Producer Kim Olgetree, of Karat Films is today’s moderator and has produced over 200 music videos. She has worked with Michael Jackson, Babyface, Stevie Wonder, Will Smith, LL Cool J, Whitney Houston, and countless other music stars. A graduate of prestigious Howard University, she has also worked for Viacom and the BET Network as both a supervising producer and producer. Currently, she and Dash are working on the director’s next project.
In 1926, Carter G. Woodhouse started Black History Month, (BHM). Woodhouse was known for writing about the contributions made by black Americans and was the first to throw their achievements into the national spotlight. He received a Ph.D. at Harvard University. BHM began as one week where black history was celebrated and reviewed. It became one week where an initiative was launched to bring national attention to the contributions of African Americans throughout American History. After time went by, many requested that it be extended to a month.
Now in 2012, a new generation that did not grow up with the racial prejudices that were present in the sixties has discussed the concept in the media that perhaps it is “time to do away with Black History Month” and that African American history should be incorporated into an American historical narrative and not delineated from the general dialogue. But this writer finds that notion rather myopic. Without question African American history is part of the collective history of America. Yet, just as the University student majoring in mathematics studies calculus, it is also essential that he/she must take the elevated studies to obtain ample knowledge and perspective on the subject, not to mention a degree. As these speakers prove today, there is still much to learn on the subject of African American history; and as any woman knows: Knowledge is Power.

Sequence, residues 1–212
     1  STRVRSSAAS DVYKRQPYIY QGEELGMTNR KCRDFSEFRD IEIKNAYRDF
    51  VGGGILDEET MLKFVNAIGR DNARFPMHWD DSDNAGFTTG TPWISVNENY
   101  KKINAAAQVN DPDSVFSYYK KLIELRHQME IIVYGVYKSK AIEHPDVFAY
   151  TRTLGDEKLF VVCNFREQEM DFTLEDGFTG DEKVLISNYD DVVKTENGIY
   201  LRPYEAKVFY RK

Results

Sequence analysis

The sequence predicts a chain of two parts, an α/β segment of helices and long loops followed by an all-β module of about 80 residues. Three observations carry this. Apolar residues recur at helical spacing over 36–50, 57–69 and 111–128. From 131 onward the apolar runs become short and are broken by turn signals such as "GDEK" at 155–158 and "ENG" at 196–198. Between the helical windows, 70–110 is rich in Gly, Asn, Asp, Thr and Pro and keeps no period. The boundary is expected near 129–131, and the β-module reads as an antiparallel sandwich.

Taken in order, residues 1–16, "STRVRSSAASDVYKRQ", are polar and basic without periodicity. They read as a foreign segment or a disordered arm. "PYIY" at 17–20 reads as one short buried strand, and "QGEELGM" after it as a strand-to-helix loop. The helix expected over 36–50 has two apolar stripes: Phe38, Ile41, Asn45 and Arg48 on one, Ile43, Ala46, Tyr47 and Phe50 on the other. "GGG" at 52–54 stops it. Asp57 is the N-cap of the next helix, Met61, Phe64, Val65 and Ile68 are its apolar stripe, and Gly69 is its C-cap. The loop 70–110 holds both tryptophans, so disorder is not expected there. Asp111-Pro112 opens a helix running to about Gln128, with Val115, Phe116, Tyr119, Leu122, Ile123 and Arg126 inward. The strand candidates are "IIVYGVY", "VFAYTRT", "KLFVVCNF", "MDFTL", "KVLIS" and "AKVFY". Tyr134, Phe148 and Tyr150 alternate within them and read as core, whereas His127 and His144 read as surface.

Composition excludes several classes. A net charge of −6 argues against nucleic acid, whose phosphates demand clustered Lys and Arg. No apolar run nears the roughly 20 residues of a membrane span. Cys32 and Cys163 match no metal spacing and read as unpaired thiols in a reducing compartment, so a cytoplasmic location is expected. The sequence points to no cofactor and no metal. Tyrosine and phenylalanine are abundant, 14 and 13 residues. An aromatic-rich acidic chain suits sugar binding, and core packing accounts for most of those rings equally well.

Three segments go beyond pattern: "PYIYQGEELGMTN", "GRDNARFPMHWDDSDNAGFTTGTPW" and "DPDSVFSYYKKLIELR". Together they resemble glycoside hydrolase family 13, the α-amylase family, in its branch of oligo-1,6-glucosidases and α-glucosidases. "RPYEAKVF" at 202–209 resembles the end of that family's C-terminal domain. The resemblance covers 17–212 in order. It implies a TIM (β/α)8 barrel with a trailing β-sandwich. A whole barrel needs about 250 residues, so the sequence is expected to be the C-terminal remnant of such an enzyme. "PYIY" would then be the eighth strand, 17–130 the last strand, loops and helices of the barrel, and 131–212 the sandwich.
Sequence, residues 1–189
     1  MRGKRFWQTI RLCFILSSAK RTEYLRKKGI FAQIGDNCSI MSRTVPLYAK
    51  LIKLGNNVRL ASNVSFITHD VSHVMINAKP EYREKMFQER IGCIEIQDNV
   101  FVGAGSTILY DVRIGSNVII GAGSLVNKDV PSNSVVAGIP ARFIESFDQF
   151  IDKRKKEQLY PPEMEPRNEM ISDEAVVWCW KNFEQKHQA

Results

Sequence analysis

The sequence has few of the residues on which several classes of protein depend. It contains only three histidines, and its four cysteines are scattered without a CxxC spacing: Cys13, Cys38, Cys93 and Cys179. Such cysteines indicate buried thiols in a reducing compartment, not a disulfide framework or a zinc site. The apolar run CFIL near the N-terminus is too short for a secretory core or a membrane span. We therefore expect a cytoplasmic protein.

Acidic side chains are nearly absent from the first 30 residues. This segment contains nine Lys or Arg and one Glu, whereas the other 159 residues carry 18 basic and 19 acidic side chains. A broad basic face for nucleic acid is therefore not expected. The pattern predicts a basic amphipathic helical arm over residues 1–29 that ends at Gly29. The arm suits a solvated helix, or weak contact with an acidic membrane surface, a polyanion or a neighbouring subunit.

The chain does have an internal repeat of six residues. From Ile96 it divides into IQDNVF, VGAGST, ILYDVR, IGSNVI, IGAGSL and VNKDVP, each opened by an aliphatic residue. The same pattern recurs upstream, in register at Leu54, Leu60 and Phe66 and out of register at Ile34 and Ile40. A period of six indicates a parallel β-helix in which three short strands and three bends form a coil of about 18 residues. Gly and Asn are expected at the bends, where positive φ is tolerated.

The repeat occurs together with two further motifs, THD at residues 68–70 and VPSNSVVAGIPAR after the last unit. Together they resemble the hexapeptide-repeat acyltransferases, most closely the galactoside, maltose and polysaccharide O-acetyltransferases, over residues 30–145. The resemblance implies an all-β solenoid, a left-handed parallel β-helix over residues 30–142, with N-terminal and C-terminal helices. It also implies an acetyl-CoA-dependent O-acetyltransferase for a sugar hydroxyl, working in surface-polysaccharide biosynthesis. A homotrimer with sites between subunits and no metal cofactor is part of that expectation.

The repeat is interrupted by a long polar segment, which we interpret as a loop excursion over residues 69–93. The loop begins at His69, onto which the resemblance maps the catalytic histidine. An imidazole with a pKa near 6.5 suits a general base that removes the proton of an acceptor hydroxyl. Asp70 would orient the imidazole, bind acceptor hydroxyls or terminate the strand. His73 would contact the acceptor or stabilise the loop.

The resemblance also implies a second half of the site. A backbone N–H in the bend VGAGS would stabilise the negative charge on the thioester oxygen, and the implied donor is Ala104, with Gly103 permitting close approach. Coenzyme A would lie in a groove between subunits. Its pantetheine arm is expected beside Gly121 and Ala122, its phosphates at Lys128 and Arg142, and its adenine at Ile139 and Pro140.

While films like Kathryn Stockett’s The Help exploded onto the 2012 theatrical scene with astounding performances by females Viola Davis, Octavia Spencer, Emma Stone, and Jessica Chastain, smaller films about African American struggle hit the festival circuit. Skillful Director Sam Pollard’s new film Slavery By Another Name, investigates how American slavery continued long after abolition and reconstruction. A remarkable new documentary, the film shines new light on how mandatory servitude continued under the term “peonage”, which was forced labor to pay off a debt. There was activism that attacked peonage head-on, but as with any cause, it was met with struggle and political strife. You can hear filmmakers at today’s breakfast discuss the new remarkable work and how one must see it on their personal film docket as the morning continues.
Today at The Charthouse we learn why it is important to make time for a focused study of the past. And why history must always be investigated. These speakers highlight what they learn from their families and colleagues and how it has affected their approach to their work. The younger women can be heard chatting about today’s challenges, the older about the remarkable progress.
As the morning concludes the audience gives the invited speakers a standing ovation for their oratories. But of course! What else do you do when you are fortunate enough to be in a room with people making this kind of history? The first African-American to play basketball at prestigious Notre Dame? The first theatrical release for an African-American director? The first African-American woman to win Best Director? Films that belong in The National Registry? Library of Congress? Oh, this is a shining and stellar group of speakers indeed.
History teaches us what to look for in the future. It is essential for women and men to continue to study in order to educate. To pass our knowledge on to a new generation is essential for the growth of humanity. Congratulations and Bravo to Women In Film’s Black History Month. Knowledge is Power and this knowledge was well worth the Malibu drive.
Suzanne De Passe, Iris Grossman, Gayle Nachlis, Dolores Robinson, Lucy Webb